Already, it looks like my prediction of this team finishing 7th is going to blow up in my face, but that’s okay. It won’t be the last time I’ve written off a side in the pre-season for them to completely stick it up me – it’s what I love the most about predictions really.

22 scoring shots to 12 says a lot about a win and it’s a big result at that. Should the Dockers have won by more? Probably should’ve, they had 46 inside 50 entries in the game – 26 more than the Tigers did and that’s some margin.

They also kicked 11.11 – that’s 50 percent efficiency, and that’s not counting the shots that went out of bounds or the set shots that fell a few metres short. The accuracy has been a slight on Fremantle’s start; 6.7 against the Eagles in round one and 7.10 last weekend against the Giants, currently the Dockers are kicking at about 46 percent at goal.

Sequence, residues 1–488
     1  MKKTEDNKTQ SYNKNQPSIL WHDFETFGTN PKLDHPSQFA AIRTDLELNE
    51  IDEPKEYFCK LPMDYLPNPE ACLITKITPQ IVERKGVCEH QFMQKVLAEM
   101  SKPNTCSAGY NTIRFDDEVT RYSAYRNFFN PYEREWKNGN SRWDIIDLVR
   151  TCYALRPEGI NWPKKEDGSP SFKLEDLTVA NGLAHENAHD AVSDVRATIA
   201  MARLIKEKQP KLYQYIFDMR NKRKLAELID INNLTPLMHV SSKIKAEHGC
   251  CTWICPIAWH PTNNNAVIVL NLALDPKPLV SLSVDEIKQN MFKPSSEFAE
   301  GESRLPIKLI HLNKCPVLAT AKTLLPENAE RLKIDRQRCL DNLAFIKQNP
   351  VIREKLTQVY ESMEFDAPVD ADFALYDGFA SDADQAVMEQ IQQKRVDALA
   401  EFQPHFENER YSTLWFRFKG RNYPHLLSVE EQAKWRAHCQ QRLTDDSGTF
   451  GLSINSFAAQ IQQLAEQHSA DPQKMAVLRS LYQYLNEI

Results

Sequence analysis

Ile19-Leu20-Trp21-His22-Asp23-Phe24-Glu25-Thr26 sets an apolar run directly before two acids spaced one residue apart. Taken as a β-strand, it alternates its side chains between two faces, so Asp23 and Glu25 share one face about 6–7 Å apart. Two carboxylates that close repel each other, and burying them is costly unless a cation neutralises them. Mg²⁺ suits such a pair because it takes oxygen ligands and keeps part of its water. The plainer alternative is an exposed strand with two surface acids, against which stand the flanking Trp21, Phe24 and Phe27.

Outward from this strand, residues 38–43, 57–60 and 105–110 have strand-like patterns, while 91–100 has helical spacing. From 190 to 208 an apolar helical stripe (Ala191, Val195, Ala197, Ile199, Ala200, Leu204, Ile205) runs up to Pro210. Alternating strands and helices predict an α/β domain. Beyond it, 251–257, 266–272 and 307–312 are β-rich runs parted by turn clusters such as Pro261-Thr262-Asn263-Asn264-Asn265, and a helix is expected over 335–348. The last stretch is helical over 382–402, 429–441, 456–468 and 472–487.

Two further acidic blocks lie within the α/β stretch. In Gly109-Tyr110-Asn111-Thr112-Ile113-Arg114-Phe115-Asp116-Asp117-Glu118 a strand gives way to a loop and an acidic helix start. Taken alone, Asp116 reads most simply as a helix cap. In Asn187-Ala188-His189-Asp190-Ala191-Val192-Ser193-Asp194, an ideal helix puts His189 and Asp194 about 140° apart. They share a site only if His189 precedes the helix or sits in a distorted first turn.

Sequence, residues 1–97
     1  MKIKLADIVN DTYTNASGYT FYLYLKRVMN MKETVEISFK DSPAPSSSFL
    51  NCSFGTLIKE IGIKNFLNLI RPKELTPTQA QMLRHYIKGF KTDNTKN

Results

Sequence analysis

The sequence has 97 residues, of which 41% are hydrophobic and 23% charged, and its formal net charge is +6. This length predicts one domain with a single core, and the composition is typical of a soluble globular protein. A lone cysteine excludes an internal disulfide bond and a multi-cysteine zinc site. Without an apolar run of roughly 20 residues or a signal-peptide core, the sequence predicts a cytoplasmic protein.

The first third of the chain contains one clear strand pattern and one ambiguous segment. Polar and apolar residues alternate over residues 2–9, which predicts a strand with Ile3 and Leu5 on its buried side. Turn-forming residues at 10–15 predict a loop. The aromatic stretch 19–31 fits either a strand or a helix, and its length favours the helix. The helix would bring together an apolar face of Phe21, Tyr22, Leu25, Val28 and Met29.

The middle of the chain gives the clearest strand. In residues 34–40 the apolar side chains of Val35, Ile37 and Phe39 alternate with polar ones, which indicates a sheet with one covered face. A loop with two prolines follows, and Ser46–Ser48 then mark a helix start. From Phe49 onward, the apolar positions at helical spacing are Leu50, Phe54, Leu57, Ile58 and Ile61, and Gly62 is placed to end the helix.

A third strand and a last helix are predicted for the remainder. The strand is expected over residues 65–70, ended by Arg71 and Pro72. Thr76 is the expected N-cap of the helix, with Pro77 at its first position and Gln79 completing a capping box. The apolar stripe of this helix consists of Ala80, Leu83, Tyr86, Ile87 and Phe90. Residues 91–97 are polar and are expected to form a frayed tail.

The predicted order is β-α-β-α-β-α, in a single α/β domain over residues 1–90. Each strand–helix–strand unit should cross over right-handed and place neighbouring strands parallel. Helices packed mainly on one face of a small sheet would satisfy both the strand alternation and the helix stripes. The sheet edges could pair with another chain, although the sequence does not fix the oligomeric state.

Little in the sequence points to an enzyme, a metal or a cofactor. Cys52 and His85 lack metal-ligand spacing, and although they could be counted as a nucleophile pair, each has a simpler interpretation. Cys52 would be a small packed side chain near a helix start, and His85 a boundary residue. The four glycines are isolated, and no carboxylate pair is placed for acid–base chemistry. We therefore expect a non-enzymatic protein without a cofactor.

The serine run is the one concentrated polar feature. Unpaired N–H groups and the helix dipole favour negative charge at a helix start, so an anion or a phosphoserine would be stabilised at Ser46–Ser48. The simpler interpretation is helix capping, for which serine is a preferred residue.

Let’s not bash around that statistic, it’s still early in the year so there’s plenty of time to right the wrong, but it’s something to be mindful of as the season progresses, one thing that they have managed to tick off is that they have found cover for both Sabreena Duffy and Ashley Sharp in terms for forward options.

Ebony Antonio throughout the years has been deployed more as a versatile option, capable of playing a multitude of positions, but playing up forward, she seems more settled with her role as a key forward, bagging another two goals in this one and currently leads all Dockers for goals at the present time.

Miller made it three times in as many matches this season in which she featured in the goals column, whilst Kara Antonio, after being rested last week, kicked two goals – one off a half chance in the goal square, and the other a good conversion in the last quarter.

And of course, a two-goal bag from Houghton, who had her hands full with Bec Miller for most of this game, but her leading patterns were incredibly strong and was quite dangerous anytime the ball came in her general direction – the 2.2 was a small let down as she could’ve easily kicked more.